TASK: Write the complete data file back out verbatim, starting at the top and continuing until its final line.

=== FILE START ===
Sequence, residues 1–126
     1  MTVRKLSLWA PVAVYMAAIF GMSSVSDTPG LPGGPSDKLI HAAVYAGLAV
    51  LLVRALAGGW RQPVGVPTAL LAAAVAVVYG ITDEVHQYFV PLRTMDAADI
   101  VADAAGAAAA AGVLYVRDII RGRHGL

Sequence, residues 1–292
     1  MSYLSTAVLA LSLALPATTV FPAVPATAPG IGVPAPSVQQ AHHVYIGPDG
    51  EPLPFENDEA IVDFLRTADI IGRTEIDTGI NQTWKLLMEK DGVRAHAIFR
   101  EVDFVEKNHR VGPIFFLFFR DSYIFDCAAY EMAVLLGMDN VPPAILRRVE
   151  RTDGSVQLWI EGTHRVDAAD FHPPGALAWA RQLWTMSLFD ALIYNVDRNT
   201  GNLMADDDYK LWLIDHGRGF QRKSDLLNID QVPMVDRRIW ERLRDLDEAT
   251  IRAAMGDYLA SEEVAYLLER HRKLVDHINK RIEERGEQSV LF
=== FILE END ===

Sequence, residues 1–126
     1  MTVRKLSLWA PVAVYMAAIF GMSSVSDTPG LPGGPSDKLI HAAVYAGLAV
    51  LLVRALAGGW RQPVGVPTAL LAAAVAVVYG ITDEVHQYFV PLRTMDAADI
   101  VADAAGAAAA AGVLYVRDII RGRHGL

Sequence, residues 1–292
     1  MSYLSTAVLA LSLALPATTV FPAVPATAPG IGVPAPSVQQ AHHVYIGPDG
    51  EPLPFENDEA IVDFLRTADI IGRTEIDTGI NQTWKLLMEK DGVRAHAIFR
   101  EVDFVEKNHR VGPIFFLFFR DSYIFDCAAY EMAVLLGMDN VPPAILRRVE
   151  RTDGSVQLWI EGTHRVDAAD FHPPGALAWA RQLWTMSLFD ALIYNVDRNT
   201  GNLMADDDYK LWLIDHGRGF QRKSDLLNID QVPMVDRRIW ERLRDLDEAT
   251  IRAAMGDYLA SEEVAYLLER HRKLVDHINK RIEERGEQSV LF